International Activists, Experts Question World Bank Land Reform

On April 18th, Representatives of landless people's organizations from developing nations and international experts criticized World Bank market based land reform programs for failing to help the landless in Brazil, Thailand, South Africa and elsewhere, in spite of Bank claims of innovation and progress. For more information visit

"The massive concentration of land ownership in the hands of a privileged few keeps millions in poverty and drives large scale destruction of natural resources around the world," said Environmental Defense anthropologist Stephan Schwartzman. "The Bank should take a hard look at what its projects are really doing if it wants to address the problem."

"World Bank market land reform makes the rich richer and the poor worse off," said Dr. Lesiba Matasuang of the Landless People's Movement of South Africa, at a news conference held this morning at the National Press Club. Grassroots groups, environmentalists and land reform experts from a dozen countries held a seminar on the Bank's projects this week in Washington, D.C.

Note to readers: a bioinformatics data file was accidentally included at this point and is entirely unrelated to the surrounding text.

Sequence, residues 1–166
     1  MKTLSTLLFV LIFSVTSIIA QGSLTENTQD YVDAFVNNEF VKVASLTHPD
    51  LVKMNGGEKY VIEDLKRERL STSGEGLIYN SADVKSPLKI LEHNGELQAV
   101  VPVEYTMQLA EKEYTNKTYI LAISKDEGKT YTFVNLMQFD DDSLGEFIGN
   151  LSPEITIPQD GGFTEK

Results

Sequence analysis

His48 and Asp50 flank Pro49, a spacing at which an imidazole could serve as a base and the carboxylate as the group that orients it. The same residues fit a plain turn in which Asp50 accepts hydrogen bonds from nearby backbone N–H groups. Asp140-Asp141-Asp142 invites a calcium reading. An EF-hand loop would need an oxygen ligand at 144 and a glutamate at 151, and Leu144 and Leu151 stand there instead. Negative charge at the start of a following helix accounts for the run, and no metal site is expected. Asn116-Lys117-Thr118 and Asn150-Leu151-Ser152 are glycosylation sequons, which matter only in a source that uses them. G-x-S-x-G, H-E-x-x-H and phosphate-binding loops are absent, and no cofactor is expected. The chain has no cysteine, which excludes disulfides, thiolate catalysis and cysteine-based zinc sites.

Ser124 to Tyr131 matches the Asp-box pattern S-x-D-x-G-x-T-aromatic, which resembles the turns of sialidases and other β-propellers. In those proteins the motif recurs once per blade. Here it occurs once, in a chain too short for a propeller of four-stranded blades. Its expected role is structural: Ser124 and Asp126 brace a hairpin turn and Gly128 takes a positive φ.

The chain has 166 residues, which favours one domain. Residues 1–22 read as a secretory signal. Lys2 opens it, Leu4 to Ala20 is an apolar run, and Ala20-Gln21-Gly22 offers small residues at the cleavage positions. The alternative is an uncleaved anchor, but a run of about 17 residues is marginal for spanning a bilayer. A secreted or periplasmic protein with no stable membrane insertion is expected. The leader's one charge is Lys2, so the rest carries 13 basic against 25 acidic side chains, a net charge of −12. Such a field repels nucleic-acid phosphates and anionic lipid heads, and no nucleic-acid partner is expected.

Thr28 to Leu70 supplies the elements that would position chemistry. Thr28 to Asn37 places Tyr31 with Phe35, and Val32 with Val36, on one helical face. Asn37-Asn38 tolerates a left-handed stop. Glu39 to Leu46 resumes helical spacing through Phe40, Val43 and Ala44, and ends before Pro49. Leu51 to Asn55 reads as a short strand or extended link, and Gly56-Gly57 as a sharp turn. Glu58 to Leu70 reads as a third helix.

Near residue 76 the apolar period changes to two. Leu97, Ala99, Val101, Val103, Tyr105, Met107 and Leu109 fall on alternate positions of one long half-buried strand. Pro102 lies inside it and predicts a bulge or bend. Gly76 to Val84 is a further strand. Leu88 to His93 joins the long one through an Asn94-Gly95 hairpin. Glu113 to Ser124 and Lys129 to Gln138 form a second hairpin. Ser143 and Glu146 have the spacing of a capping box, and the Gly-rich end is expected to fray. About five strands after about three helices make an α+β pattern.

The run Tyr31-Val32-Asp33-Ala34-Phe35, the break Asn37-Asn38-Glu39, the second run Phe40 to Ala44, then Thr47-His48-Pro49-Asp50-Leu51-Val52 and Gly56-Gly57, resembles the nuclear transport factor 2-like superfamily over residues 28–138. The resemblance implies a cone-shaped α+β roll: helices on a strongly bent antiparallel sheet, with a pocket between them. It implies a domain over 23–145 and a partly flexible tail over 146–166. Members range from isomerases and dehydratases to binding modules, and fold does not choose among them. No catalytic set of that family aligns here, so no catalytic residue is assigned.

Current Bank policy favors giving the poor credit to buy land on the free market, rather than supporting the redistribution of land by government agencies. The Bank points to projects in Brazil, Guatemala, Colombia and Thailand as proof that land markets can work for the poorest of the poor.

But Adalberto Martins of Brazil's Landless Rural Workers' Movement (MST), strongly disagrees. MST mass protest has forced Brazil into distributing an area three times the size of Belgium to the poor since 1995, and the government asked for Bank funds to ease the pressure. "The Bank and the Brazilian government are selling the poor a cruel illusion — that they can get land without a struggle," said Martins. "It isn't working. People who had nothing before now have nothing — and are in debt for it."

Anan Ganjanapan, of the Chiang Mai University in Thailand, worked on the Bank's first of three land titling projects in Thailand nearly 20 years ago and has closely followed the results.

"The major effects of the Bank's projects in the last two decades are increased conflicts among communities, and increased land speculation by large landowners," Ganjanapan said. "Our communities are not interested only in individual land titles, but the Bank's projects have never contemplated collective land tenure."

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